The above preview is unformatted text

This student written piece of work is one of many that can be found in our AS and A Level Political Philosophy section.

Found what you're looking for?

  • Start learning 29% faster today
  • 150,000+ documents available
  • Just £6.99 a month

Not the one? Search for your essay title...
  • Join over 1.2 million students every month
  • Accelerate your learning by 29%
  • Unlimited access from just £6.99 per month

See related essaysSee related essays

Related AS and A Level Political Philosophy essays

  1. Power promotes pragmatism

    guarantee the right to unload goods there and to sail trade vessels down the Mississippi River. Eschewing the militaristic course of action encouraged by Alexander Hamilton, Jefferson instead pursued diplomatic means and, acting in concert with Secretary of State James Madison, sent James Monroe and Robert R.

  2. Power and Politics in Organizations: Public and Private Sector Comparisons

    the past to recognize that all such networks, indeed all organizations at their core, are really about who gets how much of what is valued and scarce-about how and when this distribution happens and to what effect. These considerations also imply a research agenda for political science.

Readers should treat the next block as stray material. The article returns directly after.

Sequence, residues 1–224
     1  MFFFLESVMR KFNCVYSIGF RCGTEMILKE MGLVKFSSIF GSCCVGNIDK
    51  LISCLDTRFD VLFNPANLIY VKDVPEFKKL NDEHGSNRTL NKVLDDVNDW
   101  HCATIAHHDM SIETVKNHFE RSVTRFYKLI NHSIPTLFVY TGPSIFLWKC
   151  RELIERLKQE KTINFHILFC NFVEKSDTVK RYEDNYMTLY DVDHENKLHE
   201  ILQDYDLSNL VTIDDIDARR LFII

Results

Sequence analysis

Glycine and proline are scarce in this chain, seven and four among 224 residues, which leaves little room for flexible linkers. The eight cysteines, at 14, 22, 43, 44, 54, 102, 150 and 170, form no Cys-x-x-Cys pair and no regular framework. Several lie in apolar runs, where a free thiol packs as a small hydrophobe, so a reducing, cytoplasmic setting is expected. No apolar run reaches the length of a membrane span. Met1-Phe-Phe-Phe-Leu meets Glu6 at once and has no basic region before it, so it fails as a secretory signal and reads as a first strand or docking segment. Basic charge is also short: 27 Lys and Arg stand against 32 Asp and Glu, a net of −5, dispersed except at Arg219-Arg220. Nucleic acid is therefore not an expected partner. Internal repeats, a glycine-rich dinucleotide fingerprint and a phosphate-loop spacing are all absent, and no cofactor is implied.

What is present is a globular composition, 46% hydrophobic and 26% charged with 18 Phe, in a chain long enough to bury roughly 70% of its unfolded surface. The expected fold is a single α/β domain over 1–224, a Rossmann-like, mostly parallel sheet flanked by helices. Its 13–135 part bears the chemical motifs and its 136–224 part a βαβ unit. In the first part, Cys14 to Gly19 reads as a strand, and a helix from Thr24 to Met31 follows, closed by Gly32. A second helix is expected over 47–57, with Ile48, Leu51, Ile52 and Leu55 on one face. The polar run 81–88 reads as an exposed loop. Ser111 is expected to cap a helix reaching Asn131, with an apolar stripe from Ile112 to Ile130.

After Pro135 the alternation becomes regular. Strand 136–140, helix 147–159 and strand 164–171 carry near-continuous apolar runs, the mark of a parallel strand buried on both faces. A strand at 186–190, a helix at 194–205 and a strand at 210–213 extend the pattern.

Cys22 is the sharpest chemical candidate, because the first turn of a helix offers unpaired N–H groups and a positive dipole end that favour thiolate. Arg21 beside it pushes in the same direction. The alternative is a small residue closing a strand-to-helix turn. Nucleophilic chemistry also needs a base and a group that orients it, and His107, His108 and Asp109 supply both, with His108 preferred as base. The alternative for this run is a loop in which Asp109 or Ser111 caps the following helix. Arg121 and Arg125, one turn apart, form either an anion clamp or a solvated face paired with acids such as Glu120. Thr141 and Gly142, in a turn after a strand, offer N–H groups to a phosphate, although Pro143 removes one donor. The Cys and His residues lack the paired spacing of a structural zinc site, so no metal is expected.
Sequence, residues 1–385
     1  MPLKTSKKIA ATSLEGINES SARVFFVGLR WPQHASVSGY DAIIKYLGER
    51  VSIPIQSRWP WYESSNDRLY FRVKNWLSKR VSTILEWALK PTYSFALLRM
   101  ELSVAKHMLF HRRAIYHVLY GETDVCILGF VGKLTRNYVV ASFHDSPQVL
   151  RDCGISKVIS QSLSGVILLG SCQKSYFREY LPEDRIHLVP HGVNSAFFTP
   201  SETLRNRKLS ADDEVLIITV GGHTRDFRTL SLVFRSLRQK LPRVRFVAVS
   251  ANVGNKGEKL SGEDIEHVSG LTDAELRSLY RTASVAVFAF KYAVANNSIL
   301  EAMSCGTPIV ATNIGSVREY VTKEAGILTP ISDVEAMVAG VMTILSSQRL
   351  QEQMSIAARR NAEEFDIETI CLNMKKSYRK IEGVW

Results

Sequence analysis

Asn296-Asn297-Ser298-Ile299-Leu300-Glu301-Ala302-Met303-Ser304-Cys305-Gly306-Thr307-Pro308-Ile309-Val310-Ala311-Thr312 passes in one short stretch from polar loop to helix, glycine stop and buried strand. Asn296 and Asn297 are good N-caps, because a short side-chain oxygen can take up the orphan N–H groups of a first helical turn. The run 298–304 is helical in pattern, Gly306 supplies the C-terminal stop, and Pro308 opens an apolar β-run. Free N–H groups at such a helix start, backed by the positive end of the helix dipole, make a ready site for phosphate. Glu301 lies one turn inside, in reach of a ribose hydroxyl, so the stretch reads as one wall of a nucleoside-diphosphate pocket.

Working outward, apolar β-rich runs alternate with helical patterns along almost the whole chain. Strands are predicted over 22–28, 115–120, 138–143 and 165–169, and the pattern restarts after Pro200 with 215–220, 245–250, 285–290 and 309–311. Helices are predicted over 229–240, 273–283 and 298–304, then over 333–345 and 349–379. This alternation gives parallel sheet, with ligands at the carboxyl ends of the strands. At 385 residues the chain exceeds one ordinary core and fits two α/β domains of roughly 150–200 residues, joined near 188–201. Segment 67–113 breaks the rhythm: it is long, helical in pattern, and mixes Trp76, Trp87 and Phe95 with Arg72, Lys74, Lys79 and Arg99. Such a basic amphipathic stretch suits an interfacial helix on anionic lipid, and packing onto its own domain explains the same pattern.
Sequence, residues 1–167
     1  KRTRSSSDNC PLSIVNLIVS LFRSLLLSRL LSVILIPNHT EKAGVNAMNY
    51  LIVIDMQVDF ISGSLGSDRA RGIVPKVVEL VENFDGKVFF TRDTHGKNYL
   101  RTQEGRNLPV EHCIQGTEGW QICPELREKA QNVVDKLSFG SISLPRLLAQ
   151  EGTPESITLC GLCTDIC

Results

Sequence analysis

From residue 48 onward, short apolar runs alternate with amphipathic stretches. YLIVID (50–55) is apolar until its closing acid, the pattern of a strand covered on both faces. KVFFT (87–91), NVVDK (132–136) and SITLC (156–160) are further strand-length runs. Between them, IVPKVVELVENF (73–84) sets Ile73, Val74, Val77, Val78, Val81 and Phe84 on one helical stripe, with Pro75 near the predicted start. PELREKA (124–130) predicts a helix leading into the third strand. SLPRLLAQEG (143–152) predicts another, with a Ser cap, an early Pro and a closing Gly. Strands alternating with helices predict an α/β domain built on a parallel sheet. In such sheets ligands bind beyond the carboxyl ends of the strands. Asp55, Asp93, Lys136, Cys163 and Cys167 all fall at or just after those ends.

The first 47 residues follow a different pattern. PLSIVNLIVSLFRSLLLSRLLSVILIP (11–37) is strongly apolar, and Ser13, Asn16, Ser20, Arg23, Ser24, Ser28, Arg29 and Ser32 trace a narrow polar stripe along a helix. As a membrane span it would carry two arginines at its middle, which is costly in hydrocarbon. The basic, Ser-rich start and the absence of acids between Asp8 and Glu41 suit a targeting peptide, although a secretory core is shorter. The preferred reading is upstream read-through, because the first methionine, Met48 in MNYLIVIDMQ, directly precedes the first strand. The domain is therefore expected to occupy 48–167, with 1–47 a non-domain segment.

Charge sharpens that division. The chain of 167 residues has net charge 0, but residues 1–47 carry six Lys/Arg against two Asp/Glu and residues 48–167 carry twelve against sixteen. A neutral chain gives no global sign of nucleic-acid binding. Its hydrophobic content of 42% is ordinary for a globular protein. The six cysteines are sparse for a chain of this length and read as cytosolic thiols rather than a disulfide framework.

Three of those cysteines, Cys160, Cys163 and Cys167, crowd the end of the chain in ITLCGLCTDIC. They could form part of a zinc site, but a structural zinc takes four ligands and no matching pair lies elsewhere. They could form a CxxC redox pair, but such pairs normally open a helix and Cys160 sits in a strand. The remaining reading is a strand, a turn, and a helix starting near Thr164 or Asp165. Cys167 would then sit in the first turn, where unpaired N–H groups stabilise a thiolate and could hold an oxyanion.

1. How and why does Locke explain the creation, value and protection of property?

    "For it is labour indeed that puts the difference of value on every thing (Locke, 25)." What Locke is saying here is that the more labour that is put into harvesting a corn field, the more the corn the proprietor will get out of the land, and the more value the land will have.

  2. A Study of Carl Rogers' Theory of Personality

    so that we are consciously moving in one direction, while organismically we are moving in another." Unlike Freud, Rogers did not see conflict as inevitable and humans as basically destructive. It is only when "man is less than fully man", not functioning freely, that he is to be feared (1961, p.105).

  1. If the state is not a voluntary organisation, how can one be under any ...

    this question, I realised that I had no idea what my own moral position was regarding some of the most crucial problems and contradictions of political philosophy. Many of these questions require (I think) a moral stance in order to be able to make sense of them.

  2. So, whats wrong with Anarchism?

    education by getting better paid jobs in the future as well as doing itself a favour by placing the most able according to skill to the appropriate job. Collectivism is the anarchist movement made popular by Michael Bakunin (1814-1876). This is closest to socialism and some form of it was

  1. Karl Marx's (1818 - 1883) theory of capitalism.

    This period of dislocation and poverty is the context for Marx's notion of alienation, and his critiques were designed to show that capitalism was the basis for alienation and to develop a plan for action for overcoming the structures of capitalism.

  2. Signal detection theory

    or noise (N). It means that the noise is always present, and on some trials, we add a signal. A false alarm occurs if the subject says yes on a noise trial, and a hit occurs if the subject says yes on a signal-plus-noise trial.

  • Over 160,000 pieces
    of student written work
  • Annotated by
    experienced teachers
  • Ideas and feedback to
    improve your own work